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What is it With the Quality of Writing on Reddit?

Is it just me, or does the quality of writing in Reddit comments tend to be a bit dull?

These days it's not as bad as it was, but go back a few years – roughly 2008 - and it was oddly flat, almost like it was written by machine, or people were running their comments through a special boring filter.

I figured out how to make such a filter, once. It's a combination of an automated or semi-automated thesaurus and a table of word frequencies – just change all words to their most often-used versions, dropping the writing down the Fleisher-Kincaid levels.

It would be a good disguise if you didn't want to be identified by your writing style and choice of words (especially if a tool to analyse and match the surrounding comments' style was added to the filter) but it's very dull to read. Such a filter is probably also useful for taking out any accidental subtext – but it has the possible side-effect of sensitising regular readers to subtext when they see it again.

For a while I spent so much time reading that flat style of writing that it got stuck in my brain and even I started thinking and writing the same way. It wasn't a very nice experience.

How an entire website of supposedly different and unconnected people all came to write in the same style, I can only guess.

As I mentioned earlier, it's better now than it was, but it's still a bit odd. From time to time, I dip into Reddit and try to stir things up a bit in whatever way I can.

One such attempt was the brief novelty account, Translated-to-Sci-Fi (note: may not be suitable for children or viewing at work).* My method for this account was to get very drunk, and then pick whatever caught my eye on the front pages and weave some sort of fragment of fiction from it in the genre of Sci-Fi. It was quite fun, I might do it again some time.

Although it was fun, I'm under no illusions that it was particularly good writing – I just vomited up any old rubbish that popped into my head, inspired by whatever happened to be on or near the front pages. Therein lies my point: it still stands out from the Reddit average in some ways. With one frontal lobe tied behind my back with alcohol, and without even trying very hard, my writing still stands out. My writing's not that great, but the reddit average is strangely dull. Still, reddit's new terms of service now explicitly forbid vote manipulation, so maybe it's all about to change for the better. I doubt it, but I can but hope.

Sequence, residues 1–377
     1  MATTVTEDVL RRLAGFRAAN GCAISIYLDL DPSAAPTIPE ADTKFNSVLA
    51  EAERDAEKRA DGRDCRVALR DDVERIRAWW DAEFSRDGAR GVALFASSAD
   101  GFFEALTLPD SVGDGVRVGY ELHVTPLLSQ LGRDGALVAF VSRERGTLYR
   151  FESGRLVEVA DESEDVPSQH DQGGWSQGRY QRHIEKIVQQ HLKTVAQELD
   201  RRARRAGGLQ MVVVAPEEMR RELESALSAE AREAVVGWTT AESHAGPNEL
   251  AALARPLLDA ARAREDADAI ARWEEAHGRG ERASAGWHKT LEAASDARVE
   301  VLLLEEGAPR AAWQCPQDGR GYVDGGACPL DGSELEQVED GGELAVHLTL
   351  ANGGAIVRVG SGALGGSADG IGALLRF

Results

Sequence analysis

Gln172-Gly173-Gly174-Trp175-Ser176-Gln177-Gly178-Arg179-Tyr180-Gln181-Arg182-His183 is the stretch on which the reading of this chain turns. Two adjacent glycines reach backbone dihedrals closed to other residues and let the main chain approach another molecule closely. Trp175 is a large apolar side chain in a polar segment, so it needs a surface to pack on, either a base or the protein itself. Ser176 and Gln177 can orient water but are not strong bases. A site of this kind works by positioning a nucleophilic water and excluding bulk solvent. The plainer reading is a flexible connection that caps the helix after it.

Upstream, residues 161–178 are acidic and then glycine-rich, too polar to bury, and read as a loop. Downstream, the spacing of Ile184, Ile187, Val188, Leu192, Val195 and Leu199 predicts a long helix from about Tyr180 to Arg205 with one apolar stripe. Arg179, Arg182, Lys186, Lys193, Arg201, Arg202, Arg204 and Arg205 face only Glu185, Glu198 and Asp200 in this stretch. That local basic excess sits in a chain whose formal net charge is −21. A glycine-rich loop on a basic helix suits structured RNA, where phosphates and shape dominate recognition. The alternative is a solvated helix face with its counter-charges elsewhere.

Last year I read two old Sci Fi novels – quite well known authors, and I believe the books are considered to be something like classics of the genre – and yet I found the quality of writing was a bit disappointing. I've seen one of my old work colleagues write better science fiction than that on a blog (and often with a remarkably similar style, I notice). In all fairness though it is surprisingly difficult to write science fiction without it ending up sounding like it's meant for children.

On the other hand, while science fiction tends to have a reputation for 2-dimensional characterisation and, perhaps, somewhat shallow subtext, I'm not convinced that going in the complete opposite direction is really a good idea.

For example, over time I've watched computer games become more and more arty and sophisticated in their story-telling, and the combination of realism, interactivity and sophisticated layers of meaning sometimes leaves me feeling slightly unsettled.




* Particularly observant readers might notice the brief homage to the writing of Douglas Adams, and a tilt in the direction of Stephen King. Those were deliberate, though perhaps including such a thing in a piece of writing that was a little tongue-in-cheek could be taken the wrong way. Still, I suppose being famous writers they get used to such things. And Adams is particularly unlikely to be bothered by it. If there are any other subtle nods to other writers, I'm almost certainly not aware of them. However, it does tend to be near-impossible to avoid regurgitating nuances and fragments of things previously read or heard, I notice. It appears to be an almost unavoidable side-effect of the way the human mind works and processes language, and is particularly noticeable if the mind in question doesn't experience a great deal of linguistic interaction, or only experiences it from a small variety of sources. I strongly suspect that in certain circumstances it's an effect that could be 'weaponised' or used as a sort of tracking device, though such a thing seems very unethical to me.

Edit 7/1/14: Footnote added.